And the leverage to make these changes crosses party lines in both houses of Congress. In the past, legislators have used appropriations, Medicare and Medicaid policies, or individual programs to address inequalities. But the work that needs to be done is difficult in a divided Congress, Bowman said.
“We have yet to make major investments and pass transformational legislation,” he said, citing mental and maternal health as key areas. “We have to talk about the deconstruction of a system built on racism and colonization.”
Saul Flores, deputy governor of Illinois, agreed with Bowman’s assessment, saying state and federal officials must work together to achieve health equity, especially with Medicaid in full swing.
The post-pandemic redefinition of Medicaid eligibility threatens the most vulnerable patients, health officials say, making the elimination process important to address disparities. But in some places this process is fast, more than 500,000 people already taken off the spools.
“We make sure to talk to people, when and how to talk to them,” she said. “This administration has been very helpful to us in our efforts.”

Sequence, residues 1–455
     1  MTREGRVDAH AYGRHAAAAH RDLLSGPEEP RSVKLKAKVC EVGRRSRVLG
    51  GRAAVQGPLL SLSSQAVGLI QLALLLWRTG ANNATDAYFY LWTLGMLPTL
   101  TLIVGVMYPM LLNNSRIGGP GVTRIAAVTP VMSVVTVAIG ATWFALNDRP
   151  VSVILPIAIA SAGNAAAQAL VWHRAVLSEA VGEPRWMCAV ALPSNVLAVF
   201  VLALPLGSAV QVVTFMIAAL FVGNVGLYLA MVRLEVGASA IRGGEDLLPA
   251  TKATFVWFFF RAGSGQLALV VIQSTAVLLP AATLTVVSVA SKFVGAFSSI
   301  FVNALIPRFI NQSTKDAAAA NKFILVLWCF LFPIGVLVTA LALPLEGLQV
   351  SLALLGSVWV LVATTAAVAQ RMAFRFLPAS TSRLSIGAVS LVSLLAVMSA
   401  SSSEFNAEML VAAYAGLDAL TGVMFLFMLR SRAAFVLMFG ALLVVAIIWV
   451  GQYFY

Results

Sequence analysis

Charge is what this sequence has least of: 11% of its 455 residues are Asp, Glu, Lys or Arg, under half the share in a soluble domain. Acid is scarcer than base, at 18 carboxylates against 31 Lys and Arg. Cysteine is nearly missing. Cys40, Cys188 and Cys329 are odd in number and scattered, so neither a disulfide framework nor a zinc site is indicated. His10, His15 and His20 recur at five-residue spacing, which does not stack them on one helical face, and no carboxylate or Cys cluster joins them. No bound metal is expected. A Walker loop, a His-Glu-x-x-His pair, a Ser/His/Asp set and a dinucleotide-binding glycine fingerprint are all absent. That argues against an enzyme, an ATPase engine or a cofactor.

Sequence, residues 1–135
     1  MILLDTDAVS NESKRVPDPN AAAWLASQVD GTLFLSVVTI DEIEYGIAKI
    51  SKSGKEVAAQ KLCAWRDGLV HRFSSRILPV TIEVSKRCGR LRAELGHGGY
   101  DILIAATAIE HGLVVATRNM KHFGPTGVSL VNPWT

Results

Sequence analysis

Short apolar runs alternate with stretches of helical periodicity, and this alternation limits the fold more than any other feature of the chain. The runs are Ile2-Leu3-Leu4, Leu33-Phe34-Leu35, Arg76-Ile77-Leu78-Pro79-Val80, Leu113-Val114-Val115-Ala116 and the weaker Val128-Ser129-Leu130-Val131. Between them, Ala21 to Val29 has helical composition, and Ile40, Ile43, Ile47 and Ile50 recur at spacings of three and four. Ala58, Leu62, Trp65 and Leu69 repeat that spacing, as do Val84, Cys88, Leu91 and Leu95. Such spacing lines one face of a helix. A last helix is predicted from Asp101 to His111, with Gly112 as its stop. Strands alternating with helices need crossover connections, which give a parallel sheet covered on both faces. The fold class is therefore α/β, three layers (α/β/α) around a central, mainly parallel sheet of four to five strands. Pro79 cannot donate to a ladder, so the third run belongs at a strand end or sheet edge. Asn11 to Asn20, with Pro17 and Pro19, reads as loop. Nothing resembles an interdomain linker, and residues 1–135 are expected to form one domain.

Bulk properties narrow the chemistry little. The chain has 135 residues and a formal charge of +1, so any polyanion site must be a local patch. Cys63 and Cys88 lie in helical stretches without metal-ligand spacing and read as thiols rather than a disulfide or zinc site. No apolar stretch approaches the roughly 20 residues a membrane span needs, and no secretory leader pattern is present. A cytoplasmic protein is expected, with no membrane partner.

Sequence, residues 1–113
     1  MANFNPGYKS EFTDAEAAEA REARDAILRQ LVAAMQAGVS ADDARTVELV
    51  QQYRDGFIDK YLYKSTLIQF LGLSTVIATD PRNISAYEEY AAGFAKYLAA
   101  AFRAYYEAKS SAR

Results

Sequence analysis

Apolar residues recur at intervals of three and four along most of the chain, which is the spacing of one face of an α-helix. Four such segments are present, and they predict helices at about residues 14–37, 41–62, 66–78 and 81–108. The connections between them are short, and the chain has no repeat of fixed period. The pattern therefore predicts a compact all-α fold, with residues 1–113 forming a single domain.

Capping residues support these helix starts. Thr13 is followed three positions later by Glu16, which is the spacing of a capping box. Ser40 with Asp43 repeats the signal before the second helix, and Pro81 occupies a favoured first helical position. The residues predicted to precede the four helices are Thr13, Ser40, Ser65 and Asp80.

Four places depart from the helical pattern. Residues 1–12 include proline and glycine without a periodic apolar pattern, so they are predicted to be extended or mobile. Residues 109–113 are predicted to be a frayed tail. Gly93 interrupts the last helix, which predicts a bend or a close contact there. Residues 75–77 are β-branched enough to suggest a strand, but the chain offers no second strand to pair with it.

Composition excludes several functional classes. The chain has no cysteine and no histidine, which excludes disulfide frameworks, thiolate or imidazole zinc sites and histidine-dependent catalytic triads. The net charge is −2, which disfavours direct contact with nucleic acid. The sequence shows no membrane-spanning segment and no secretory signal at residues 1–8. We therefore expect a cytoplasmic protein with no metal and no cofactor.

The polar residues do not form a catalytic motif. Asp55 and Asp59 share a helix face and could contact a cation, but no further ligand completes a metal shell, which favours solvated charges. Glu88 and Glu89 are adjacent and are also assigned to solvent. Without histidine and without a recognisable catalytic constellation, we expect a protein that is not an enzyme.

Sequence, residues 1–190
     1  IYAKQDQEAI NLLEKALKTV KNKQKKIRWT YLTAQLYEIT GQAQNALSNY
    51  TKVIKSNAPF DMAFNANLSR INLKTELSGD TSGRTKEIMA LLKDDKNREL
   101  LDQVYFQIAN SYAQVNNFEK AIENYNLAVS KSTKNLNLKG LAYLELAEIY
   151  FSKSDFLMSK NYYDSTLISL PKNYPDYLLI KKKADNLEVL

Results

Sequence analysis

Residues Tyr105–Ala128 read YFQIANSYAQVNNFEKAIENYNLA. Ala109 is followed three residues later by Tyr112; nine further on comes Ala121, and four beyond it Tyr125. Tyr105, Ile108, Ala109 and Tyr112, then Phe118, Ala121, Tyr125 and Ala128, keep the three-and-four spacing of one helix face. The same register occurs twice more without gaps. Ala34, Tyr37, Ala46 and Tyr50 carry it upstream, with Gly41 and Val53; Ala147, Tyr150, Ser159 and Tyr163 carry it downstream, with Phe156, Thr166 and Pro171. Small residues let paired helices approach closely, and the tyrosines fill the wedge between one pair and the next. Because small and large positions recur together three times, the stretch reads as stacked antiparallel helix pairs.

Nutrition, education and housing, along with other services, were also mentioned as current and future policy options to address health inequalities.
Jamila Taylor, president and CEO of the National WIC Association, the nonprofit education and advocacy arm of the Special Supplemental Nutrition Program for Women, Infants and Children, said program staff are already preparing for what the end of pandemic Medicaid assistance could mean.
“We know that this will not be the only solution,” she said of the disparity in maternal mortality. “Whatever solutions we develop and combine, they must be comprehensive in nature.”